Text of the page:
As Carol Duncan mentions in the introduction to "Art Museums and the Ritual of Citizenship", the Louvre became the first modern art museum when it was transformed from a old royal palace into a public museum of the French Republic. The museum, in many ways, stood for the same wealth, power and political authority that had once been attributable to the Church. It is important to note the differences between how France and England saw the public museum. Whilst France saw the museum, first and foremost, as equality for the masses, England saw the museum primarily as an educational museum - no different from a correctional facility.
Carol Duncan sees the museum as a public, secular ritual. Museums, through its grand architecture - often evocative of classical Greek temples and churches - and opulent display becomes a secular ritual site. One is overwhelmed when entering a museum and almost instantly, one's body language changes. In a museum, objects become separated from everyday life. This removal of objects from their original context and the natural environment in which they were created invariably means they have to be recontextualized within the pristine walls of the museum. In museums, the focus is on visual display.
The more art becomes abstract, the more museums simplify their architecture. Hence the neo-classical temple has over the years evolved into the pristine "white box". Take for example the National Gallery of London (top image) and the White Cube Gallery located in East London (bottom image):
Annie E. Coombe's article, "Museums and the Formation of National and Cultural Identities" deals with the problematic issues surrounding the display of ethographic collections in museums and the attempts made at revising the current methods. There appears to be a dichotomy between western high art and ethnographic art - the latter more often seen as artifacts, not art. Colonial order was supported by the development of capitalism, festishization of objects. Objects are removed from their natural reality and thus knowledge about these objects given by museums is decontextualized. Gayarti Spivak suggests that we need to renegotiate and reorganize the categories by which ethnographic collections are displayed in museums - often in sections of their own, thus only further reinforcing the sense of otherness and exoticness.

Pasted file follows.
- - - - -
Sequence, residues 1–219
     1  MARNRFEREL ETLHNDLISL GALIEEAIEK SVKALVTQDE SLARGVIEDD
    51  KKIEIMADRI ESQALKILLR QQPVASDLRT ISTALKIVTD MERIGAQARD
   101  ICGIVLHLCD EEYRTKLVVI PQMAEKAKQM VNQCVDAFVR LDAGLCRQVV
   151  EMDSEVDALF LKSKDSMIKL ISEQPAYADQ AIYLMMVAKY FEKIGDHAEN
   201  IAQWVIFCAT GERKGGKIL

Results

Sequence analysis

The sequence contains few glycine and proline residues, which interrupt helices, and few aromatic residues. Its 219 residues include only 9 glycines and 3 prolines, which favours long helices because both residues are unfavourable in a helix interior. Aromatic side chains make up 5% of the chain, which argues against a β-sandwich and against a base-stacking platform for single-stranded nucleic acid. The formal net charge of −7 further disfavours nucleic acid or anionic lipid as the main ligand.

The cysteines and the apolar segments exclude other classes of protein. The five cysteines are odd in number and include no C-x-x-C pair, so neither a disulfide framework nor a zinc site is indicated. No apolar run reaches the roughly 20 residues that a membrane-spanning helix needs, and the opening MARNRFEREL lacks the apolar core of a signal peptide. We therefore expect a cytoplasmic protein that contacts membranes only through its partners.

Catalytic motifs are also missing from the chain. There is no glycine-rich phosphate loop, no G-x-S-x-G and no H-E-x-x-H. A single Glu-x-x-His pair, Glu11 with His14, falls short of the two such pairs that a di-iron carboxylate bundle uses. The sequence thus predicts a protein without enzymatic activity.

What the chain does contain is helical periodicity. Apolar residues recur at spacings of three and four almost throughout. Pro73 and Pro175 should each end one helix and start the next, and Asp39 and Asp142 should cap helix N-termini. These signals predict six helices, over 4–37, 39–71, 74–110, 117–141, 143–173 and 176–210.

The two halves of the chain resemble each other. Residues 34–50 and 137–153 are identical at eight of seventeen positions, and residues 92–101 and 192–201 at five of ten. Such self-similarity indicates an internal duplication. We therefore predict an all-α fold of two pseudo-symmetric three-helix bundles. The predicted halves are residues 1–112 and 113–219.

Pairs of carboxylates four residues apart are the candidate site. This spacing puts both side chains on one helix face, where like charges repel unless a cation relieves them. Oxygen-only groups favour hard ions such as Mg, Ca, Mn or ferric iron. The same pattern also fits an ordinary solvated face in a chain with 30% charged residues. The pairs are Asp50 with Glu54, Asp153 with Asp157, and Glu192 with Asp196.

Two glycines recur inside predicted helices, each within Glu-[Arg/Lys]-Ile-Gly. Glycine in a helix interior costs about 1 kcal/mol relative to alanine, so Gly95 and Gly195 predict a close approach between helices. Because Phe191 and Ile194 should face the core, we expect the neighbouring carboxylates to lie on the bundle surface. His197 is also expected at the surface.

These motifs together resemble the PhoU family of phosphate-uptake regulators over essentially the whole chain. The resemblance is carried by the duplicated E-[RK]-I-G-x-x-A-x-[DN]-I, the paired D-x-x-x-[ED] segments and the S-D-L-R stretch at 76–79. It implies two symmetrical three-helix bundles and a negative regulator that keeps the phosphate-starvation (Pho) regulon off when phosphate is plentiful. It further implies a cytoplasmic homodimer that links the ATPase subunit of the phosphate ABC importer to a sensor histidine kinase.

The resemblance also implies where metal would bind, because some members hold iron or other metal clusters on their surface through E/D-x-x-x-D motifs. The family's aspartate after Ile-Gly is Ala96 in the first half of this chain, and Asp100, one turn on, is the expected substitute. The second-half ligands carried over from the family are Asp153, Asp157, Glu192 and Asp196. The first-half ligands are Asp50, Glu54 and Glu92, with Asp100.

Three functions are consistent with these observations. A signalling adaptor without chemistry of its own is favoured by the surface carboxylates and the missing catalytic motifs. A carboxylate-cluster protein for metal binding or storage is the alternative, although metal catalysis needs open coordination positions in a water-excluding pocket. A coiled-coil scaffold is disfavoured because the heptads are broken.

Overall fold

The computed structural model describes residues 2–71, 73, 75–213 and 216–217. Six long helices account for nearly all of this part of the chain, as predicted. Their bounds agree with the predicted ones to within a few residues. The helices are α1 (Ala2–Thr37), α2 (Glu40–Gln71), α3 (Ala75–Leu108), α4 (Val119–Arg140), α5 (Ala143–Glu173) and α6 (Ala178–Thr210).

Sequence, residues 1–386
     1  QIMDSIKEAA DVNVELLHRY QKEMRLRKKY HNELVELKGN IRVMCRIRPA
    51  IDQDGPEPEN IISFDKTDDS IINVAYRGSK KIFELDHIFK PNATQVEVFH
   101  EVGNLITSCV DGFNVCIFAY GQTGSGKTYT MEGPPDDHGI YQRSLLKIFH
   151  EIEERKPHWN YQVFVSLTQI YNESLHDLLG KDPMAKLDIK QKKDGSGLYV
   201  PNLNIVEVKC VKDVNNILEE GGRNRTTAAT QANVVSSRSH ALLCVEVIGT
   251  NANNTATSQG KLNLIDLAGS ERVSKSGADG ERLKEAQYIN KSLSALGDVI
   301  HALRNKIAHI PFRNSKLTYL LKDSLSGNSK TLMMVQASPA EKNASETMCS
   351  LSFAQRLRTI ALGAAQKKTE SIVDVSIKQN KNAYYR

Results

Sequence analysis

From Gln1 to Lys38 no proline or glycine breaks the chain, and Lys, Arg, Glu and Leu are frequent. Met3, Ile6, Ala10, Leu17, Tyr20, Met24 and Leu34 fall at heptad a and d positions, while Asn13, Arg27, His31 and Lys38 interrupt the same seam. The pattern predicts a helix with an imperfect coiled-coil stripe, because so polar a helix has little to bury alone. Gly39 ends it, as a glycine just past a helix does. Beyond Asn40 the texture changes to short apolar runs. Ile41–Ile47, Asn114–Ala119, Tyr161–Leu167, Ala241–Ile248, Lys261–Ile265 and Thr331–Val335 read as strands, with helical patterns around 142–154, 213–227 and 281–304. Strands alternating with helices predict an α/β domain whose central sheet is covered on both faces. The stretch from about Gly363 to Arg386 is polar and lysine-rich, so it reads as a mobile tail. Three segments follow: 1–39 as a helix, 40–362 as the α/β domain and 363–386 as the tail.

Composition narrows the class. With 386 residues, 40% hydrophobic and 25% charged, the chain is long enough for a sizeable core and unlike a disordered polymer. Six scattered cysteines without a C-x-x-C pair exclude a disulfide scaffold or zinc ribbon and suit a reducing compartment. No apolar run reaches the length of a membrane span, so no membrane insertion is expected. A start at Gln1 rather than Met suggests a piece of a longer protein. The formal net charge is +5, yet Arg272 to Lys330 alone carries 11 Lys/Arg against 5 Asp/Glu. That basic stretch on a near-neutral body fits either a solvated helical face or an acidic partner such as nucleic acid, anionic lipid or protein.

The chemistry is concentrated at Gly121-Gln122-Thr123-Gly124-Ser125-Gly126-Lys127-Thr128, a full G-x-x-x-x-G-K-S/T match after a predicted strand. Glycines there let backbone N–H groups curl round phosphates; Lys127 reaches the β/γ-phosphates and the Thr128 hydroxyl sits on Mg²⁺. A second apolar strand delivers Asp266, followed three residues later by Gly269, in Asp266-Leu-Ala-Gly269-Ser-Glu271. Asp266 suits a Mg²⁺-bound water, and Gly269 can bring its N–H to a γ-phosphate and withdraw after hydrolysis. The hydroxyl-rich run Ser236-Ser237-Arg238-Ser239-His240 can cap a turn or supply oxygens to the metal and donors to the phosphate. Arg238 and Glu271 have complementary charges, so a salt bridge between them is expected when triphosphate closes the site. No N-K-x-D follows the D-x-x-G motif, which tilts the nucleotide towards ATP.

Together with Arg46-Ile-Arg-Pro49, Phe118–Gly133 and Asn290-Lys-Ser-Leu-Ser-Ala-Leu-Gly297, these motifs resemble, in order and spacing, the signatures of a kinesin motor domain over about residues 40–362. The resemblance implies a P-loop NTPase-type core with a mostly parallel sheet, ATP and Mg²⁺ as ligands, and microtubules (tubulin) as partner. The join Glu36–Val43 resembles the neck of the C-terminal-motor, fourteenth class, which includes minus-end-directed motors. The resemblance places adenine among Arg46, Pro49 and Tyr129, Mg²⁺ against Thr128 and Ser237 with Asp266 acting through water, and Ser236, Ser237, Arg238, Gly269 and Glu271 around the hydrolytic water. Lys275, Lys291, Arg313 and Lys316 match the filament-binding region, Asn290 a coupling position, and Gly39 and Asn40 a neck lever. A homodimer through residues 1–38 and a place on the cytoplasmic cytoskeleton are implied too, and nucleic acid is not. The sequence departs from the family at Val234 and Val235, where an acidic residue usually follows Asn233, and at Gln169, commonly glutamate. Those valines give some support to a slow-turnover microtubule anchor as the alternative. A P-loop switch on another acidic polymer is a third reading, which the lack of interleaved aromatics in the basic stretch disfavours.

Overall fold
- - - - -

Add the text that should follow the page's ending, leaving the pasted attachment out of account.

Exposition Universelle Paris, 1889
-organized at the height of French colonization efforts
-representation of Cairo, Egypt in the exposition: recreated a street Cairo by bringing in stones and people and donkeys from Egypt = similar to a film set, artificial world; visual displays with no sense of reality (see: Jean Baudrillard's Hyperreal)
-European organization of cultures further proves colonial order; see the world as a picture.
-feel close yet removed simultaneously/ push-pull effect
Artists Whose Work Deals With Museums
Sophie Calle's Last Seen (1991) offers a wonderful dialogue on museum display. Shortly after works were stolen from the Isabelle Stuart Gardener Museum in Boston, Calle took photographs of the empty spaces where the paintings once hung and asked the museum staff to describe the missing paintings to her. Beside the photograph of these empty spaces, Calle recorded the descriptions she received of the missing work. Last Seen is a commentary on museum display and its use of didactic panels.
"Last Seen: Vermeer The Concert"
Sophie's description of "The Concert"